Castlegar: A Hidden Gem in British Columbia

Nestled in the heart of the West Kootenay region of British Columbia, Castlegar is a small city that offers a unique blend of natural beauty, outdoor recreation, and cultural experiences. With its stunning mountain vistas, pristine lakes, and lush forests, Castlegar is a paradise for outdoor enthusiasts. Whether you're looking for hiking trails, fishing spots, or skiing destinations, Castlegar has something for everyone. In this article, we'll explore some of the top attractions and natural wonders in Castlegar, as well as its rich history and cultural heritage.

Attractions and Natural Wonders

Syringa Provincial Park

Located just a few kilometers south of Castlegar, Syringa Provincial Park is a popular destination for camping, hiking, and boating. The park features over 200 campsites, as well as a boat launch, a sandy beach, and several hiking trails. Visitors can also enjoy fishing for rainbow trout, kokanee, and bass in the park's pristine lake.

Zuckerberg Island Heritage Park

Situated in the middle of the Columbia River, Zuckerberg Island Heritage Park is a unique attraction that offers a glimpse into Castlegar's rich history. The island was once home to a thriving sawmill and a bustling community of workers and their families. Today, visitors can explore the island's historic buildings, including a blacksmith shop, a schoolhouse, and a church.

Kootenay Gallery of Art, History, and Science

Located in downtown Castlegar, the Kootenay Gallery of Art, History, and Science is a must-visit destination for art lovers and history buffs. The gallery features a rotating collection of contemporary art, as well as exhibits on the history and culture of the West Kootenay region. Visitors can also attend workshops, lectures, and other events at the gallery.

Millennium Park

Situated on the banks of the Columbia River, Millennium Park is a popular spot for picnicking, swimming, and fishing. The park features a sandy beach, a playground, and several picnic areas. Visitors can also enjoy a leisurely stroll along the park's scenic riverfront trail.

Castlegar Sculpturewalk

Every year, Castlegar hosts an outdoor sculpture exhibition that showcases the work of local and international artists. The Castlegar Sculpturewalk features over 30 sculptures that are displayed throughout the city's downtown core. Visitors can take a self-guided tour of the sculptures and vote for their favorite piece.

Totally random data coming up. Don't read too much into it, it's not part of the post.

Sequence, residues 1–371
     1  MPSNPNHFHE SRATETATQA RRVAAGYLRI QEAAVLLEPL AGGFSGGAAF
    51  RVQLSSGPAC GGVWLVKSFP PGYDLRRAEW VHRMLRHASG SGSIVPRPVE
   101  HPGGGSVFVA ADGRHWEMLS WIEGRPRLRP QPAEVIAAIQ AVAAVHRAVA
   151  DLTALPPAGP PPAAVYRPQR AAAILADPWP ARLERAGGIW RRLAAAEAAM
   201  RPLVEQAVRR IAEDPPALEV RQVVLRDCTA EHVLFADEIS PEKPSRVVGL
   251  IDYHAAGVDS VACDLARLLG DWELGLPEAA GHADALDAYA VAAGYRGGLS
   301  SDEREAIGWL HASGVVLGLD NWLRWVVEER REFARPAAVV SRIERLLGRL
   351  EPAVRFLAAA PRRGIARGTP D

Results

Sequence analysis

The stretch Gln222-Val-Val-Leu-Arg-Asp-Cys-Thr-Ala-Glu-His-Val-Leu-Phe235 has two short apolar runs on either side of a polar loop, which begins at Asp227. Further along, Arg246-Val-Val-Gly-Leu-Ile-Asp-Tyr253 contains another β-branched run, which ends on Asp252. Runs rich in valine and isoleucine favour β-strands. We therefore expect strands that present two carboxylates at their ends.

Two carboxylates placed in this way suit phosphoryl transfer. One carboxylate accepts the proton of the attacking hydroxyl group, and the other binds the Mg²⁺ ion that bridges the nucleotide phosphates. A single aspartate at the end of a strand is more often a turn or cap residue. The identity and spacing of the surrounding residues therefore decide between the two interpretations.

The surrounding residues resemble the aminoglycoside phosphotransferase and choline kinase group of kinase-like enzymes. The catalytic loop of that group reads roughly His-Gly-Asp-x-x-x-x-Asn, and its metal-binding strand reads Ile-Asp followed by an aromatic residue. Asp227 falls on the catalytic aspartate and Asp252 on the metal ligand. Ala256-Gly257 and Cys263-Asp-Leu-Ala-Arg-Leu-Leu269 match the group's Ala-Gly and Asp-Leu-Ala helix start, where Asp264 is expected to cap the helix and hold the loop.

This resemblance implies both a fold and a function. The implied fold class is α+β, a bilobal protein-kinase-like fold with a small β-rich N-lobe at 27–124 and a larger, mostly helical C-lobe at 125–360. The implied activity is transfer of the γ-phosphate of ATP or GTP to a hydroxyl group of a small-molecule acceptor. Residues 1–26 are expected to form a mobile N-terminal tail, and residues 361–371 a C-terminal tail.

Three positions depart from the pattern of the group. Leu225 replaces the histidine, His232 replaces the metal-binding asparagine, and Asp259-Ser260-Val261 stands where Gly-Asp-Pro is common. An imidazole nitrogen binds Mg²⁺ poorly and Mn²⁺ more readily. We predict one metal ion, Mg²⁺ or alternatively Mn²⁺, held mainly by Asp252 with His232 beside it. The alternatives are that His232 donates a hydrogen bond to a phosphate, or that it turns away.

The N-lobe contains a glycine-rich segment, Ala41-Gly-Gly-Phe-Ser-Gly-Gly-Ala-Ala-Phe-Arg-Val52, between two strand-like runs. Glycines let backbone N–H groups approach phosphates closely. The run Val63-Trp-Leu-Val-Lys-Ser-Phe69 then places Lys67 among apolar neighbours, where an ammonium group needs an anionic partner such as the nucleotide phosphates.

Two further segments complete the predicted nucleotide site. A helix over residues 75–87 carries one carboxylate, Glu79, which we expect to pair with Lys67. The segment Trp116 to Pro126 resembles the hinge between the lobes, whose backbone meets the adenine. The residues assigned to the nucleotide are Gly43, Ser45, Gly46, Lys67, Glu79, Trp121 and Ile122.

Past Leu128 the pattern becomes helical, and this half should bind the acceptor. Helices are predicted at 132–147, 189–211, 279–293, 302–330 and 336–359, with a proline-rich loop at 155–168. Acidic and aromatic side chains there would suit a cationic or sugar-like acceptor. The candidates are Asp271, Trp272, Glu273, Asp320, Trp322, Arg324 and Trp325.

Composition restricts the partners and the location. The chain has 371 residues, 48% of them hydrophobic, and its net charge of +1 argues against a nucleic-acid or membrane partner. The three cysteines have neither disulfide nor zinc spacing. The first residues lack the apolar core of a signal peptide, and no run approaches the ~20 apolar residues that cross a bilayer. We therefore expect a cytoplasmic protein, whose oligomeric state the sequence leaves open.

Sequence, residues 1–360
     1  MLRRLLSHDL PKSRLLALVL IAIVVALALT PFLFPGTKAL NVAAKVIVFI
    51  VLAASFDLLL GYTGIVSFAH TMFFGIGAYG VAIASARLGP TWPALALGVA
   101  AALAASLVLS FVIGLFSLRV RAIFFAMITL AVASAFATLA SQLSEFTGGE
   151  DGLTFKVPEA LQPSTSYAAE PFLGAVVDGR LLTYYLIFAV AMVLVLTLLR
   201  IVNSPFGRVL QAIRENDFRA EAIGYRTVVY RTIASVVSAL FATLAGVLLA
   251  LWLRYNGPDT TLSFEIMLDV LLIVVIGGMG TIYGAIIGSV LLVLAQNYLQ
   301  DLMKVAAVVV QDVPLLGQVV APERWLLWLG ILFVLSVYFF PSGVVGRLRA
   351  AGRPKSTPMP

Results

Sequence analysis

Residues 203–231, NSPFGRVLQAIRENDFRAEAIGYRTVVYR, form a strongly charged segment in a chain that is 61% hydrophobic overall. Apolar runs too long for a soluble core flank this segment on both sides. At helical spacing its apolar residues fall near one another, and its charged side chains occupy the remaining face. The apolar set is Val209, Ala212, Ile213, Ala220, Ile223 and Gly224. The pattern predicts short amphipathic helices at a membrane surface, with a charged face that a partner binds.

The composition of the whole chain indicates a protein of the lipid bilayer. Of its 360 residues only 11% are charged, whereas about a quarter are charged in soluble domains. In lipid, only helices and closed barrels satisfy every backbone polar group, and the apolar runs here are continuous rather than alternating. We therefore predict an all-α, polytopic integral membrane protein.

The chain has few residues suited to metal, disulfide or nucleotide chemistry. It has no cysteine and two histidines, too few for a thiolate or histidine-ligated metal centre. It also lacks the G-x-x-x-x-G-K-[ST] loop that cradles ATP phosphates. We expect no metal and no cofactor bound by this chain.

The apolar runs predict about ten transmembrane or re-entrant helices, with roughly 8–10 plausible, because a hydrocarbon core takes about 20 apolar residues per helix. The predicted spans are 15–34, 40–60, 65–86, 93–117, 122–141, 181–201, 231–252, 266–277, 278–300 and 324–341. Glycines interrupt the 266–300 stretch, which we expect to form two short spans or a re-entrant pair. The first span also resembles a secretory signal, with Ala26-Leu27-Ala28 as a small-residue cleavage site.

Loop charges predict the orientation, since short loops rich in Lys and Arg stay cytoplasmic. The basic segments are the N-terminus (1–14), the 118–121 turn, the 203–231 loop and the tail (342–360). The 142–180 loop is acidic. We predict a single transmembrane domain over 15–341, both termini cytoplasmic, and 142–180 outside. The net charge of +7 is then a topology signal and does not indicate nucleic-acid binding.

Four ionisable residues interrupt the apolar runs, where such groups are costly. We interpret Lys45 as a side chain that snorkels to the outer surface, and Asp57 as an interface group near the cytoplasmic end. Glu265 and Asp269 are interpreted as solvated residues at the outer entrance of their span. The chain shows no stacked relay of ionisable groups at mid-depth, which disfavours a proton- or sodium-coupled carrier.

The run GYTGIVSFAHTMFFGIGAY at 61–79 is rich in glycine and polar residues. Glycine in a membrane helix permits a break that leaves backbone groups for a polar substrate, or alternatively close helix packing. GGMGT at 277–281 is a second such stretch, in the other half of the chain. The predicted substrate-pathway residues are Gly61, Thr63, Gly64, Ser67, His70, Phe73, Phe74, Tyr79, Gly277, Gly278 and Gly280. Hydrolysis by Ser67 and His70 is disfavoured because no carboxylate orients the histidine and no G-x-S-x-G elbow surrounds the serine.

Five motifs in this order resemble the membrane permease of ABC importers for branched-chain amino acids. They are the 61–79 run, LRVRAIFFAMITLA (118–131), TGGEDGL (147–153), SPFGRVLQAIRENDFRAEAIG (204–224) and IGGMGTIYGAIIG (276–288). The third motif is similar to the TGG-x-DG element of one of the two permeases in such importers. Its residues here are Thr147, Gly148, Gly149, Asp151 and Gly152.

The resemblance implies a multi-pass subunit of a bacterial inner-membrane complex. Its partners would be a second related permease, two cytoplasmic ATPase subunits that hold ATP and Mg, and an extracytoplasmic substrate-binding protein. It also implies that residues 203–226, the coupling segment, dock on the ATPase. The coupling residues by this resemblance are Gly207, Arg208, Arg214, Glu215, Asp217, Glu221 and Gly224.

Red Mountain Resort

Located just a short drive from Castlegar, Red Mountain Resort is a world-class ski destination that offers some of the best skiing and snowboarding in North America. The resort features over 4,200 acres of skiable terrain, as well as several terrain parks and a halfpipe. Visitors can also enjoy cross-country skiing, snowshoeing, and snowmobiling in the surrounding area.

History of Castlegar

Castlegar was founded in the late 19th century as a small settlement on the banks of the Columbia River. The community grew rapidly in the early 20th century, thanks to the construction of a railway line that connected Castlegar to other towns and cities in the region. In 1946, Castlegar was officially incorporated as a city.

The person who is credited with starting the community of Castlegar is Edward Mahon. Mahon was a surveyor who arrived in the area in the late 19th century and recognized the potential for a settlement on the banks of the Columbia River. He named the community after Castlegar, a town in Ireland where he had previously lived.


Castlegar may be a small city, but it offers a wealth of attractions and natural wonders that are sure to delight visitors of all ages. Whether you're looking for outdoor adventure, cultural experiences, or just a relaxing getaway, Castlegar has something for everyone. So why not plan your next vacation in this hidden gem of British Columbia?


  • HelloBC: Castlegar:
  • Castlegar Sculpturewalk:
  • Kootenay Gallery of Art, History, and Science:
  • Red Mountain Resort:
  • Syringa Provincial Park:
  • Zuckerberg Island Heritage Park: